How to Read Poetry While Drinking Monster Alone in a Dimly Lit Cubicle by Cleo Qian

If you are lonely, read poetry.
If the poem is a love poem, break a bottle into two asymmetrical halves.
If the bottle has mead inside, lick the ferment from the ground up from your toes to your shins.
Become once more a stranger to your body.
If the bottle is empty, proceed to the next poem.
If the poem is not a love poem, identify the ways in which it is a love poem.
Name it love for a sentimental sadness, love for summer grapes, love for the child who clutches your hand,
love for a good steak and a crisp, translucent onion, love for the sweet purple comforter which covers your face when you sleep—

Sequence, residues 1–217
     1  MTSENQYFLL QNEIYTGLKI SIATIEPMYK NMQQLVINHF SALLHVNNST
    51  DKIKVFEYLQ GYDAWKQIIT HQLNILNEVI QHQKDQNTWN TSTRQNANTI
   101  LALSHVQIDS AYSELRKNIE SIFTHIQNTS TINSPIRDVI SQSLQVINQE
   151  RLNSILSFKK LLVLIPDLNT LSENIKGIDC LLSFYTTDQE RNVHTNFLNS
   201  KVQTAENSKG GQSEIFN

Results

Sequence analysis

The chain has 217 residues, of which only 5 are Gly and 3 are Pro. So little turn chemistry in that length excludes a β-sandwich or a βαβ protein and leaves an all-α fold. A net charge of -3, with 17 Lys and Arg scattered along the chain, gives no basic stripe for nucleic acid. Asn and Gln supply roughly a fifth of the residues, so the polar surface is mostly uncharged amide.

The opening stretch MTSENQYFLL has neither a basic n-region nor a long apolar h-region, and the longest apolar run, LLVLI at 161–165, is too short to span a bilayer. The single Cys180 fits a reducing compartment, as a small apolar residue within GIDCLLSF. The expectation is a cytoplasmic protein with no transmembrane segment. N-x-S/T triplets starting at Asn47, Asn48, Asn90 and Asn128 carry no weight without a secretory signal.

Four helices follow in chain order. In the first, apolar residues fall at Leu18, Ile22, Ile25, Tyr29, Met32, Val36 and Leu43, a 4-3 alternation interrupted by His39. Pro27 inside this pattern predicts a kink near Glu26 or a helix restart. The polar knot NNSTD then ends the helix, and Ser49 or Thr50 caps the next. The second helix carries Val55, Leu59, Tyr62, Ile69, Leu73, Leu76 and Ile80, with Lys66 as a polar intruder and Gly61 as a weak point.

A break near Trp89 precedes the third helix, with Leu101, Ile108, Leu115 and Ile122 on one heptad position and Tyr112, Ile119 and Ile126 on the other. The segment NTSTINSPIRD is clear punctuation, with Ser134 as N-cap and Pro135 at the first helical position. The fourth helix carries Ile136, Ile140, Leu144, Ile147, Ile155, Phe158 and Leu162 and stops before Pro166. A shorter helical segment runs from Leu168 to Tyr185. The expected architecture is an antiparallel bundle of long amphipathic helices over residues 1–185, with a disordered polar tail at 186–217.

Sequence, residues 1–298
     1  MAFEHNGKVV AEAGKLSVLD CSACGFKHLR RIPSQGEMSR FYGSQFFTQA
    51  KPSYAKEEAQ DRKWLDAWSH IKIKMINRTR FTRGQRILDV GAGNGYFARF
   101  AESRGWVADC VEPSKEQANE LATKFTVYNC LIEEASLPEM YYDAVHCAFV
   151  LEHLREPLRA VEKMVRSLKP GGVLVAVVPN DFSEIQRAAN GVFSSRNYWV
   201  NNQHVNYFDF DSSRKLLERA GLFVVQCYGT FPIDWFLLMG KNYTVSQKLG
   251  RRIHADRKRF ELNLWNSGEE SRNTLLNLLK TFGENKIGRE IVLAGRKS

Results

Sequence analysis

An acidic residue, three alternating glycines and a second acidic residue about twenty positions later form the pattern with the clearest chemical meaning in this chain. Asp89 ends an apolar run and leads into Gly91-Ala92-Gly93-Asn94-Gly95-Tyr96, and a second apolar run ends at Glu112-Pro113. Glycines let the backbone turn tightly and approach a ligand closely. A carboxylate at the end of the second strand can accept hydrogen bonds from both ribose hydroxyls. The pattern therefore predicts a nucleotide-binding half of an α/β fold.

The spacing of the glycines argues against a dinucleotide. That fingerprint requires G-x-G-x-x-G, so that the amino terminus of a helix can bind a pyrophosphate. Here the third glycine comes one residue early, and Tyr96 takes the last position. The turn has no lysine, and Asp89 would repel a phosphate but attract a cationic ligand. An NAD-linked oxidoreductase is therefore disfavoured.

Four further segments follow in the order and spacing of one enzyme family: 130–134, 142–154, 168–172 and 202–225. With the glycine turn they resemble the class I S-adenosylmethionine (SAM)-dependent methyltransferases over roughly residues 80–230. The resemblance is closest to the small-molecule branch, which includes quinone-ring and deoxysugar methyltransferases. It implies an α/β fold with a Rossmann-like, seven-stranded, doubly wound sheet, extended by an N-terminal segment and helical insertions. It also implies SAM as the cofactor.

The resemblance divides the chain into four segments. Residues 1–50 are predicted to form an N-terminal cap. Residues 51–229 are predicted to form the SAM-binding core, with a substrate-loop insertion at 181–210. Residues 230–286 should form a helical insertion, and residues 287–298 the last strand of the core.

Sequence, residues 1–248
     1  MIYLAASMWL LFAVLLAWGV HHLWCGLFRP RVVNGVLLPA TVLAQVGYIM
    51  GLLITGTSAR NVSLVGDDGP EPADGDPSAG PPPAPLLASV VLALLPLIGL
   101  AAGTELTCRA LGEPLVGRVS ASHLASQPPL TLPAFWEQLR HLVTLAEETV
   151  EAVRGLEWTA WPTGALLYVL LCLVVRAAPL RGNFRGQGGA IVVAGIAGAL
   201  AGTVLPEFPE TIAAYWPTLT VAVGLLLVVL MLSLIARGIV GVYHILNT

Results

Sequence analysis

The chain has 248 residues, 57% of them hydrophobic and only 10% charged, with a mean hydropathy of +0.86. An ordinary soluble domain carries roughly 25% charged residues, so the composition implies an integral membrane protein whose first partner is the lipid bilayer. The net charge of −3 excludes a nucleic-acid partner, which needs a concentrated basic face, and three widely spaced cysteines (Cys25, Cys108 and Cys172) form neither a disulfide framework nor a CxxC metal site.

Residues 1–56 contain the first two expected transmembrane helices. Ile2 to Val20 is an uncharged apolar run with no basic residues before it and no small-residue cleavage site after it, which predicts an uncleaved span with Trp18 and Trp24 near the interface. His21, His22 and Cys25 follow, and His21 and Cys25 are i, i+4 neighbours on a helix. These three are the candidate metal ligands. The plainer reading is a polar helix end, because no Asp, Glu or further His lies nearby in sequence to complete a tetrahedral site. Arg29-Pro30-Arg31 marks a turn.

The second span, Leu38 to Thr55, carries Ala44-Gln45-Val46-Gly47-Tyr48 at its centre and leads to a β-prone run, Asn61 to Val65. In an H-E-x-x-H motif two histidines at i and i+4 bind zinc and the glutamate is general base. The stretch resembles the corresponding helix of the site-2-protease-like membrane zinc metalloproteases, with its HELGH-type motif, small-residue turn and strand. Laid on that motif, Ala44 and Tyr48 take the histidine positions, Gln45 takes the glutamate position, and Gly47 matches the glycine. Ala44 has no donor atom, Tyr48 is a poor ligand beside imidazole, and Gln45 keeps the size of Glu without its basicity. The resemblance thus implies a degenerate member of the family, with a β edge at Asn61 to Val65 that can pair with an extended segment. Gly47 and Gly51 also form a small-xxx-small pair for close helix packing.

Or identify it as a cut poem.
If it is a cut poem, identify the ways in which the speaker is cut.
Identify if the cut was healed from a blood wound or honey.
If it is a blood wound it will howl on all fours and shriek under the moon.
If you are angry, get on your knees and shriek too.
But if you find a honey poem, think of all the bees.
The bees work industriously somewhere out there, all yellow pollen and sticky haze.
If you are a bee-lover, read poetry.
If you are a lonely insect, like all of us who crawl and never fly far enough
off this wretched Earth—
Read a love poem. Suck honey. Cut a poem open, and the pain will last one second, then a lifetime.
Let the sharp blade of the feeling slice you. One moment. Sweet open.


Cleo Qian is a writer based in New York.

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